A monthly measure of optimism among small business owners has increased on more upbeat expectations for earnings, expansions and economic conditions.
The National Federation of Independent Business reported that its Small Business Optimism Index rose 1.4 points to 98.3 in May.
The latest reading is the highest since the index stood at 100.4 in December and exceeds what at 98 is the average for the 42-year-old index. The long-term average for the index was slightly higher prior to the recession at 99.5.
“It appears that the small business sector has finally attained a normal level of activity, which will hopefully keep the economy moving forward, even at a sub-par pace,” said Bill Dunkelberg, chief economist for the NFIB. “That being said, improved profit trends accounted for over half the index gain, a rather unusual but welcomed development. That was supported by positive sales trends and continued, although rising, fuel prices.”
The NFIB bases the index on the results of monthly surveys of members of the small business advocacy group.
Dunkelberg said that overall, the index remains in a holding pattern and shows no indications of breaking into a pattern of stronger growth. “The NFIB May survey results conform that the economy is moving ahead, but at an uninspiring pace. Owners do what is necessary, like hiring workers when needed, to keep up with growth mostly powered by an increasing population.”
For May, six of 10 components of the index advanced.
The proportion of small business owners responding to the survey upon which the May index was based who reported higher earnings jumped nine points. At a net negative 7 percent, the reading still reflected more positive than negative responses. But counting a 16-point gain over the past two months, the reading has climbed to its highest level since 2005.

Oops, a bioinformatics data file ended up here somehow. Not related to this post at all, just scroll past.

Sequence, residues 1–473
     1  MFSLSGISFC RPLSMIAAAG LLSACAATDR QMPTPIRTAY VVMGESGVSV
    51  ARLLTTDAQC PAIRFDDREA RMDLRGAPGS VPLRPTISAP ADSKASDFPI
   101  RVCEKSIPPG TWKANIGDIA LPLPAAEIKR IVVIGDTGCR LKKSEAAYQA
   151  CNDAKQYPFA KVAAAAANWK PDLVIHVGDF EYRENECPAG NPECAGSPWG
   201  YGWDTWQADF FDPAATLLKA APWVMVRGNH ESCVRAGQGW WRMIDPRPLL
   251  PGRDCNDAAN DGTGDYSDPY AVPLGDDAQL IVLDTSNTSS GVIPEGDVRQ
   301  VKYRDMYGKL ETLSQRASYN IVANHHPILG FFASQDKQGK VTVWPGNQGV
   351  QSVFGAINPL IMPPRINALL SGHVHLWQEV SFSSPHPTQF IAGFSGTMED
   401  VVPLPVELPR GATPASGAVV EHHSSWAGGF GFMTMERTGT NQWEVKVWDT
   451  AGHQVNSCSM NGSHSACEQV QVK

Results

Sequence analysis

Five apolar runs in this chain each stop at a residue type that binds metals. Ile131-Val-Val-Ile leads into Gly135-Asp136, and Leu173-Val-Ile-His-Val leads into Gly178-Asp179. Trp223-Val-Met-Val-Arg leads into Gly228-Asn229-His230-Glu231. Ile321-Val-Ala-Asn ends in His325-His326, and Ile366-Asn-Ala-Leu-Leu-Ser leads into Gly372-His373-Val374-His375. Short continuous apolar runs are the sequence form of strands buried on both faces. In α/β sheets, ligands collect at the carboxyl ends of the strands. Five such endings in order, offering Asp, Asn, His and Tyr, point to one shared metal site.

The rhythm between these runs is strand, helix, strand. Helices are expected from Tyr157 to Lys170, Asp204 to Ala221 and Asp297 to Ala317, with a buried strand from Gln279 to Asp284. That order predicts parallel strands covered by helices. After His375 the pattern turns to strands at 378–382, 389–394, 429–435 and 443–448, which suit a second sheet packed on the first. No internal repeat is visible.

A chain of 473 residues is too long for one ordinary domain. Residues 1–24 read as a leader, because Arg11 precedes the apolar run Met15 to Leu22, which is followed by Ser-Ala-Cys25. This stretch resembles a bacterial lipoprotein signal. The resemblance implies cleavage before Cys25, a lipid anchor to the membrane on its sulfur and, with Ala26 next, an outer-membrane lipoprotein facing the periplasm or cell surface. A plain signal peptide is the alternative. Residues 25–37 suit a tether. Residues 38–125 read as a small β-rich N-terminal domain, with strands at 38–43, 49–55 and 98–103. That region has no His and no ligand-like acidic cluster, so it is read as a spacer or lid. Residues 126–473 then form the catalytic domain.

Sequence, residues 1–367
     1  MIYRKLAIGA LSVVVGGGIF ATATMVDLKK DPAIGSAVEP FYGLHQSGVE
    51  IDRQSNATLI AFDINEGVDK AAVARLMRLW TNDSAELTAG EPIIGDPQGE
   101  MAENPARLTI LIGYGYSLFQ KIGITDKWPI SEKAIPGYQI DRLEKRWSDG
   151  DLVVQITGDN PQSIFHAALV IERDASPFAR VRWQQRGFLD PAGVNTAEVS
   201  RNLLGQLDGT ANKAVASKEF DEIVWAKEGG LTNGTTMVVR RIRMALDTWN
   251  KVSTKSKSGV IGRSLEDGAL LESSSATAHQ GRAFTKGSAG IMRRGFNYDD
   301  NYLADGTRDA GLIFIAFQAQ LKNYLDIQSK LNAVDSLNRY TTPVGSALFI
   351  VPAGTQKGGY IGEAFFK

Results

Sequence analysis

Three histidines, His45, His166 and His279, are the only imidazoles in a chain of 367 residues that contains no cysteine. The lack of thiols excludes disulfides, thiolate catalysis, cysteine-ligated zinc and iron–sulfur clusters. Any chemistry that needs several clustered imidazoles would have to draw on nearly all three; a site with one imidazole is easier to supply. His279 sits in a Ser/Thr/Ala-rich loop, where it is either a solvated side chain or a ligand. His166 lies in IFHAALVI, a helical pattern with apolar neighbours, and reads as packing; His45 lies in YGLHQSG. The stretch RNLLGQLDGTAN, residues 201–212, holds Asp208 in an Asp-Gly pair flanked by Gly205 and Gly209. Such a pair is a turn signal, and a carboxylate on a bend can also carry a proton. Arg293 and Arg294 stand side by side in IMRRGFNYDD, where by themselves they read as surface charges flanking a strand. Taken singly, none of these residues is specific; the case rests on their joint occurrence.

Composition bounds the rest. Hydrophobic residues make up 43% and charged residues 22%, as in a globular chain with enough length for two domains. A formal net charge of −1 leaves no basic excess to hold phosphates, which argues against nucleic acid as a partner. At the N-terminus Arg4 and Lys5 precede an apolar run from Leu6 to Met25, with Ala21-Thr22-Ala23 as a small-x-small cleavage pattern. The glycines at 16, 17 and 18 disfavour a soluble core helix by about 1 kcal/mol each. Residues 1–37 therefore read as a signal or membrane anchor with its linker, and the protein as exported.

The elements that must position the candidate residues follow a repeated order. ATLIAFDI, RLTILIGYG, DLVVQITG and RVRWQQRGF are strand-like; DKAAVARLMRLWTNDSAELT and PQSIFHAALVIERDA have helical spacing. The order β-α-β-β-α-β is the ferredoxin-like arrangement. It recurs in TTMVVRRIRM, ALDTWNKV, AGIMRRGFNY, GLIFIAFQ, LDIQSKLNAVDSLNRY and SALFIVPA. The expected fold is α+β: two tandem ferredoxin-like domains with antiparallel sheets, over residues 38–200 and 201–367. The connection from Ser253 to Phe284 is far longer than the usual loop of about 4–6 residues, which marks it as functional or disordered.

The share of owners who said they plan to make capital outlays over the next three to six months slipped a point to a net 25 percent. But the portion of owners who said they consider now a good time to expand jumped four points to a net 14 percent.
The net percentage of owners planning to add to inventories remained unchanged at 4 percent. The proportion of owners who said existing inventories are too low edged up a point to a net zero percent.
The share of owners who expect higher sales fell three points to a net 7 percent. A net 11 percent of owners cited poor sales as their most pressing business problem, forth behind taxes, government regulations and quality of labor.
The proportion of owners who expect the economy to improve in coming months rose three points, but remained at a net negative 3 percent.
A net 12 percent of owners reported plans to increase staffing, up a point. A net 29 percent of owners reported hard-to-fill job openings, up two points and the highest reading since April 2006.